2) A plan that proposes to eliminate tax loopholes and deductions, but doesn't say what any of those are, is neither brave nor serious. It is, instead canny -- or cynical, take your pick. The reality is that many of these deductions, notably for home-mortgage interest payments, are popular and therefore risky to talk about eliminating.
3) A plan that exempts from future Medicare cuts anyone born before 1957 -- about a
quarter of the population, which includes me -- is neither brave nor serious. See "canny or
cynical: take your pick" above.
4) A plan to reconcile revenue and spending, which rules out axiomatically any conceivable increase in tax rates, is neither brave nor serious. Rather, it is exactly as brave and serious as some opposite-extreme proposal that ruled out axiomatically any conceivable cut in entitlement spending or discretionary accounts.
5) A plan to reduce the federal deficit by granting big tax reductions to the highest-income Americans, at a time when their tax rates are very low by historic standards and and their share of the national income is extremely high, and when middle-class job creation is our main economic challenge, is neither brave nor serious. See "cynical," above.
6) A plan that identifies rising health-care costs as the main problem in public spending, but avoids altogether the question of how to contain those costs, is neither brave nor serious. This is a longer and more complicated discussion (see below*); but I submit that the more closely anyone looks at the Ryan plan, the less "serious" it will seem on this extremely important front.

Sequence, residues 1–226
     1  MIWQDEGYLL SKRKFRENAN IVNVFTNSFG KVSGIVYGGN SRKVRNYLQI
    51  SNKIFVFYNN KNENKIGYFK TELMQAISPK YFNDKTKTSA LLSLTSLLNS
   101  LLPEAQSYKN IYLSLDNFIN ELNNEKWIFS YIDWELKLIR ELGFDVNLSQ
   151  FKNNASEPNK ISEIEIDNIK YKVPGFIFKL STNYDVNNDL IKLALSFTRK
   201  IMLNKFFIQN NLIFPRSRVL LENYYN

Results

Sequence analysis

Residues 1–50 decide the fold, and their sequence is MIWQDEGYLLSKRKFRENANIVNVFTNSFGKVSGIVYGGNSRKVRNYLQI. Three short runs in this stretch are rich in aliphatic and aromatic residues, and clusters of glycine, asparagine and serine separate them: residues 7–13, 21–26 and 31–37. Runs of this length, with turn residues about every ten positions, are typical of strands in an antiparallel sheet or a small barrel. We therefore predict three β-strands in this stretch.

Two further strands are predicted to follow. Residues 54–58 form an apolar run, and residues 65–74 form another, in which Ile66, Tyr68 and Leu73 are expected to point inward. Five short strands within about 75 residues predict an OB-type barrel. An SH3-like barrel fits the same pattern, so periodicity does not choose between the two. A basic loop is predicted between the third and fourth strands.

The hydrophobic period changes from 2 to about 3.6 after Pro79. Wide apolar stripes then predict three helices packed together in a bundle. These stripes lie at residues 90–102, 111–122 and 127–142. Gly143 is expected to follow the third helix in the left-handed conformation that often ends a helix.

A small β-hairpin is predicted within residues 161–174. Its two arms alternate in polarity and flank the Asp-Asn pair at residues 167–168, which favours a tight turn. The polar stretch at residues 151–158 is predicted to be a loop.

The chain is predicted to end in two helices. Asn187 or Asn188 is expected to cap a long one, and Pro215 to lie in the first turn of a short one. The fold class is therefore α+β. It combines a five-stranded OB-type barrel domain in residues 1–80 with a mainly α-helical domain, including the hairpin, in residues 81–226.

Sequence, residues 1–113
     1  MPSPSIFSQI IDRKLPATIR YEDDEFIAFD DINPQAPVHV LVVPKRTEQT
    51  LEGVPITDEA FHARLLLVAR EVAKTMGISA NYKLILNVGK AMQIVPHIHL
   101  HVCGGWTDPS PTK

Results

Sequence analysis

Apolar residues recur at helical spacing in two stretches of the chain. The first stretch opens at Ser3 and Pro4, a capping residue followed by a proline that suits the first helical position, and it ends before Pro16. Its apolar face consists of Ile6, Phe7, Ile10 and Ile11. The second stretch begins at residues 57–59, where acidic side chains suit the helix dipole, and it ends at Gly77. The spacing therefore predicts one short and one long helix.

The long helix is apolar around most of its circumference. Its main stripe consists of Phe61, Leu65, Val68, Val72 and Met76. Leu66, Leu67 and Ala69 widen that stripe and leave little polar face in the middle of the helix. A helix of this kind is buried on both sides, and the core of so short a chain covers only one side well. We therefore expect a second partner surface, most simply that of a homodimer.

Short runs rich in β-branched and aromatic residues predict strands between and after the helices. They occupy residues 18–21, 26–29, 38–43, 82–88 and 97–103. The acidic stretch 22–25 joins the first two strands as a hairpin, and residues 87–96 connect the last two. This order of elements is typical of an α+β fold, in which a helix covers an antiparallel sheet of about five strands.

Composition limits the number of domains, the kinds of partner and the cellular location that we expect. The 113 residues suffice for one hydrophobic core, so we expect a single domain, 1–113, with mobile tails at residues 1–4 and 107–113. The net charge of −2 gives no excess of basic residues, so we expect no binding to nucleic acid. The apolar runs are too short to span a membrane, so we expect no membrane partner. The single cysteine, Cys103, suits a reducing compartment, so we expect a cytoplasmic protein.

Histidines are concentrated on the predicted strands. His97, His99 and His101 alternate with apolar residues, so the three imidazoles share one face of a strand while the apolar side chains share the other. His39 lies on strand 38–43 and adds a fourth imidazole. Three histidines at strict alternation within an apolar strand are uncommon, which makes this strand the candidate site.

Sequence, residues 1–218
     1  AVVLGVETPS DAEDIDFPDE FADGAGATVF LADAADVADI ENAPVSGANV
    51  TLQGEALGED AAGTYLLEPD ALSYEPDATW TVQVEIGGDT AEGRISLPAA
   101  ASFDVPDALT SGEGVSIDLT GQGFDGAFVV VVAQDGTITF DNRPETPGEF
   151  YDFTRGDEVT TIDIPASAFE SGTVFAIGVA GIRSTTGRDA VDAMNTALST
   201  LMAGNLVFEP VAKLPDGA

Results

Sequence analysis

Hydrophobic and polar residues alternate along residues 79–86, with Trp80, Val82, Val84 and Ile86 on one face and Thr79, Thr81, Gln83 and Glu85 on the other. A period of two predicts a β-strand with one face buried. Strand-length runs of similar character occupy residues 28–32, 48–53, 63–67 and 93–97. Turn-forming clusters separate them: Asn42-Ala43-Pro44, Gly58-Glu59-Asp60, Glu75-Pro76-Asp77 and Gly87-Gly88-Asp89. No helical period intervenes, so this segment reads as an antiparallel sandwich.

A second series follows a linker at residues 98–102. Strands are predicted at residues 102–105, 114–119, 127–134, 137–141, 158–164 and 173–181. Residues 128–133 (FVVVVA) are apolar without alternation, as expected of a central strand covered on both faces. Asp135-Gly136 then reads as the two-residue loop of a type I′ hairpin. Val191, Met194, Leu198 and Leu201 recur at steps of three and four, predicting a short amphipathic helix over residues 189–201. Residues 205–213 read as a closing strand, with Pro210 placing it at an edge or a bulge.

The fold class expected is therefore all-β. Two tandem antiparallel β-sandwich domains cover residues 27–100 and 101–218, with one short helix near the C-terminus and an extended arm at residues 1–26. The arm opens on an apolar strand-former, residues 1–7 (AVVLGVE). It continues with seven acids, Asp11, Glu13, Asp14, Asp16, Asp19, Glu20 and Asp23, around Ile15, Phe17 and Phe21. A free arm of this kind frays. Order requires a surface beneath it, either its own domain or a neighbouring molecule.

7) A plan that reduces, among other things, research on future energy sources and technologies by about 85% may be "brave," but it's also crazy and short-sighted.
Ryan's budget plan is no worse than some other partisan proposals, and it has the virtue of being more detailed than most. Let me hasten to say that it is more comprehensive and convincing than one I could draw up myself. But it's also no big intellectual or conceptual improvement on other partisan proposals. The wonder is that Ryan has managed to convince some people that it is.
* On health costs and Medicare. For decades any "serious" approach to medical spending has had to cope with various tangled economic/technological/moral realities. This is a different kind of "market" from almost any other, as David Goldhill so vividly described in our magazine. You can shop around for houses or used cars, but you don't have the same kind of comparison-shopping opportunities when you go to the emergency room or when a doctor recommends one drug versus another. Technology has the opposite effect on medical costs from many other parts of the economy: more and more miracles become available, but at higher and higher cost. And the "insurance" aspect of our current system is skewed in many ways: You can pay fire insurance year after year and never have a fire, whereas all of us are going to die, and the great majority of us will require expensive treatment at some point before we do. "Insurance" therefore is a matter both of spreading risks across a general population, as with fire insurance; but also of spreading risks across the stages of each person's life cycle, from the lower-cost early years to the higher-cost later ones. This creates markets forces and distortions unique to the health-care world.